Marching Away from War – A Different Vision in Alice Coats’ ‘Monstrous Regiment’
I’m delighted to publish third in a new series of monthly blogs, written by Geraldine Roberts-Stone. As part of her PhD research, Geraldine examined some of the poems penned by Land Girls during the Second World War. You can read Geraldine’s other posts in the series here.
The ‘Monstrous Regiment’, by Alice Coats, published in ‘Poems of the Land Army‘, p.35.
What hosts of women everywhere I see!
I’m sick to death of them – and they of me.
(The few remaining men are small and pale-
War lends a spurious value to the male.)
Mechanics are supplanted by their mothers;
Aunts take the place of artisans and others;
Wives sell the sago, daughters drive the van,
Even the mansion is without a man!
Females are farming who were frail before,
Matrons attending meetings by the score,
Maidens are minding multiple machines,
And virgins vending station-magazines.
Dames, hoydens, wenches, harridans and hussies
Cram to congestion all the trams and buses;
Misses and grandmas, mistresses and nieces,
Infest bombed buildings, picking up the pieces.
Girls from the South and lassies from the North,
Sisters and sweethearts, bustle back and forth.
The newsboy and the boy who drives the plough:
Postman and milkman – all are ladies now.
Doctors and engineers – yes, even these-
Poets and politicians, all are shes.
(The very beasts that in the meadows browse
Are ewes and mares, heifers and hens and cows…)
All, doubtless, worthy to a high degree;
But oh, how boring! Yes, including me.
After her service in the WLA, Alice Coats was one of a number of women who stayed within the field (pardoning the pun). She forged a celebrated career in horticulture and horticultural visual art. However, the small number of poems she wrote are, arguably, perhaps the most important of those produced by “land girls” during WWII.
Interestingly, the title of ‘The Monstrous Regiment’ is placed in inverted commas, implying that Coats sourced this from elsewhere. In 1558, the Scottish Protestant preacher John Knox produced a treatise entitled The First Blast of the Trumpet Against the Monstrous Regiment of Women. This was a rallying cry against what Knox perceived as the ungodly outrage of female authority, encompassed by Mary, Queen of Scots and Elizabeth I.
Rich in Old Testament references to the wrath of God, not to mention turmoil and plagues resulting from female rule, Knox sees “our country set forth as a prey to foreign nations,” with bloodshed the inevitable result.
Centuries later, Allied propaganda of WWII viewed female behaviour as placing the nation in a similarly dangerous position, with women depicted as prone to traitorous gossip, purveyors of sexually transmitted diseases and the embodiment of death to soldiers (see Gubar in Higonnet et al, 1987, p.241-245).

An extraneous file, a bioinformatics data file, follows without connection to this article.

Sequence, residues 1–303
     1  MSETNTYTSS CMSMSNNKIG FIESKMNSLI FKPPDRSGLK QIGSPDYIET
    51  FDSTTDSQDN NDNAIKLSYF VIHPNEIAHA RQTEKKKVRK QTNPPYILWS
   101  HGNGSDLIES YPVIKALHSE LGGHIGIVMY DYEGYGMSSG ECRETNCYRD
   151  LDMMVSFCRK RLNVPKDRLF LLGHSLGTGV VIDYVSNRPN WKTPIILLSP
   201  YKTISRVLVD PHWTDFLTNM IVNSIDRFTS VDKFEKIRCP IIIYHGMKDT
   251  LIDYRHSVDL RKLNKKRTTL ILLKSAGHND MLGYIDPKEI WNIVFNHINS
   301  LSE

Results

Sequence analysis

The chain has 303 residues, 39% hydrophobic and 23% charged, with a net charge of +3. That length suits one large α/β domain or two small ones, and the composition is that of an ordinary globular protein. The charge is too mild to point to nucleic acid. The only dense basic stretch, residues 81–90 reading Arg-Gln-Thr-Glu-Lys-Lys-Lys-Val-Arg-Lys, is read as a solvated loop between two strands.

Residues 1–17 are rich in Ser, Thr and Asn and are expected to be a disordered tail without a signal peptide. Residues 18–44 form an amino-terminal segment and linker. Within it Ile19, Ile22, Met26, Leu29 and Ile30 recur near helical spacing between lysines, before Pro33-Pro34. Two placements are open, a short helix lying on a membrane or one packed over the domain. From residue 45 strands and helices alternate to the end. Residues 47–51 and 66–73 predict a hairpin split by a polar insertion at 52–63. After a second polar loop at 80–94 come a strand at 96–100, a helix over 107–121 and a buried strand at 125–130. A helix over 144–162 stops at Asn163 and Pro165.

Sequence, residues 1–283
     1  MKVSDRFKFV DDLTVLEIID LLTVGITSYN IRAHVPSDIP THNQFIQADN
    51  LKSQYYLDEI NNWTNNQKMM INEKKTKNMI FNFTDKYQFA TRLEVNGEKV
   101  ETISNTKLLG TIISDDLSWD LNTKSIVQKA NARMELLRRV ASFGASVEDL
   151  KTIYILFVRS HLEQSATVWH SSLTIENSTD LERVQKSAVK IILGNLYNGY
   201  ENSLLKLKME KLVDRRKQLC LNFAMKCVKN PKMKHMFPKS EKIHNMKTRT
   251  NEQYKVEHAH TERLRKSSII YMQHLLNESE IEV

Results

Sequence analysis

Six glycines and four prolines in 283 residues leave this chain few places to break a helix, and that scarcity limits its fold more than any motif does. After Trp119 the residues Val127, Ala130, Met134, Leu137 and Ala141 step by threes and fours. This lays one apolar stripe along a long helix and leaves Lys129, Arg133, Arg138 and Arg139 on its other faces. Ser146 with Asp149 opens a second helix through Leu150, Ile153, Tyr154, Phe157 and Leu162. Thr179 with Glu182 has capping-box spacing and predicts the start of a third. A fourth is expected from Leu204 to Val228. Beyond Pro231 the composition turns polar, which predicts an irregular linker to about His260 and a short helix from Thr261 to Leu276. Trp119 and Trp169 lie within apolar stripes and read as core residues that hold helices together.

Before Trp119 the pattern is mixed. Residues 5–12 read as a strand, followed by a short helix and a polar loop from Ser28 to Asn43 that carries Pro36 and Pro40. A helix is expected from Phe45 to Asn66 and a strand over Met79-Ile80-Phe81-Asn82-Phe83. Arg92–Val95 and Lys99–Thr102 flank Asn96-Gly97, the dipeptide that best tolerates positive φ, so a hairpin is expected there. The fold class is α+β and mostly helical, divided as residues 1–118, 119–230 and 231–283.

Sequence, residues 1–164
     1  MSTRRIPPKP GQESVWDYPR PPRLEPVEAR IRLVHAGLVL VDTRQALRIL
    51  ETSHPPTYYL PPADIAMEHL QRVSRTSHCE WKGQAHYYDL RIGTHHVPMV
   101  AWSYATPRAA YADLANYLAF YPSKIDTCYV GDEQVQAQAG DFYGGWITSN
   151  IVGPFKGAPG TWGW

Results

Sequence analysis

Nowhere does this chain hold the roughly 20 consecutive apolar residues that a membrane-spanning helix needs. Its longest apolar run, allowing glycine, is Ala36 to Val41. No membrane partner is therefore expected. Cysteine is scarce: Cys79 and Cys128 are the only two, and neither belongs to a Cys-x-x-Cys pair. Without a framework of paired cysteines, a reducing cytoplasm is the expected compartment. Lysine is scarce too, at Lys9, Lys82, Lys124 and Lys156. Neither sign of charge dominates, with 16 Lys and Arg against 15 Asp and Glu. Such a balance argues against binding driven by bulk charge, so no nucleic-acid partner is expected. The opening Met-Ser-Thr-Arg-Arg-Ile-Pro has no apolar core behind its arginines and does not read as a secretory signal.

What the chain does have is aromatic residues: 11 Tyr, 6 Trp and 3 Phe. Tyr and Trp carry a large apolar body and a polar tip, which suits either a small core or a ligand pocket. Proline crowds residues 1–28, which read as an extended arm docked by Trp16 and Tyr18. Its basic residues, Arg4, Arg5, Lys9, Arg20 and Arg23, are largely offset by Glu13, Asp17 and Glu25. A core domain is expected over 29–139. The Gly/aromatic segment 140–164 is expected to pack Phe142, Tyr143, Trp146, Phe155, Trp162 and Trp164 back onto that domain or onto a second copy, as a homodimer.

Coats’ opening line appears to take a derogatory view of the female sex, admitting to being “sick to death” of the sight of women. However, the reality portrayed throughout is one of co-operation, peace and harmony as women who were “frail before” take on all roles in a unified society. Women of the North and South work harmoniously in contrast to the enmity of the Allied and Axis powers.
Beneath the humorous tone, Coats makes a mockery of depictions (both medieval and contemporary) that pigeonhole women as either incapable and in need of protecting, the booty of war, or as downright lethal to the nation.
Instead, Coats’ regiment of women, aided by a brisk, marching tone in the rhyme scheme, presents the alternative vision – that of a WLA member, a non-military, non-hierarchical “army,” engaged in production of food and reclamation of the land as opposed to involvement in killing and destruction.
Coats’ productive, all-female society reflects key arguments of the period. Irene Ward MP, in a 1941 parliamentary debate, maintained that “practical women of experience could have avoided some of the blunders made in war” (Goldsmith, 1946, p.100).
Similarly, a 1939 meeting of women’s groups had reached the conclusion that “universally women feel that men are responsible for the war…as every opportunity for co-operative prevention has been wasted” (Minns, 1980, p.3).
Instead, Coats offers “Misses and grandmas, mistresses and nieces” who “infest bombed buildings, picking up the pieces.” So much for Knox’s prediction of female authority resulting in the “subversion of good order, of all equity and justice;” Coats portrays exactly the reverse, with women in the forefront of repairing and driving forward a society still reeling from the destruction of WWI let alone able to withstand a further and global conflict.
‘The Monstrous Regiment,’ whilst humorous on the surface, is a multi-layered, complex poem with radical, far-reaching implications as Coats reverses Knox, advocating the drastic need for social change and a reappraisal of women’s roles. The poem is an example of what feminist critics Gilbert and Gubar (1980, p.72) have referred to as women writers talent for “subtlety as subversion.”
Gilbert and Gubar (1980) The Madwoman in the Attic New Haven: Yale University Press
Goldsmith, M (1944) Women at War London: Lindsay Drummond
Gubar, S in Higonnet, M et al (eds.) (1987) Behind the Lines: Gender and the Two World Wars New Haven: Yale University Press
Knox, J (1558) The First Blast of the Trumpet Against the Monstrous Regiment of Women
Minns, R (1980) Bombers and Mash: The Domestic Front 1939-45 London: Virago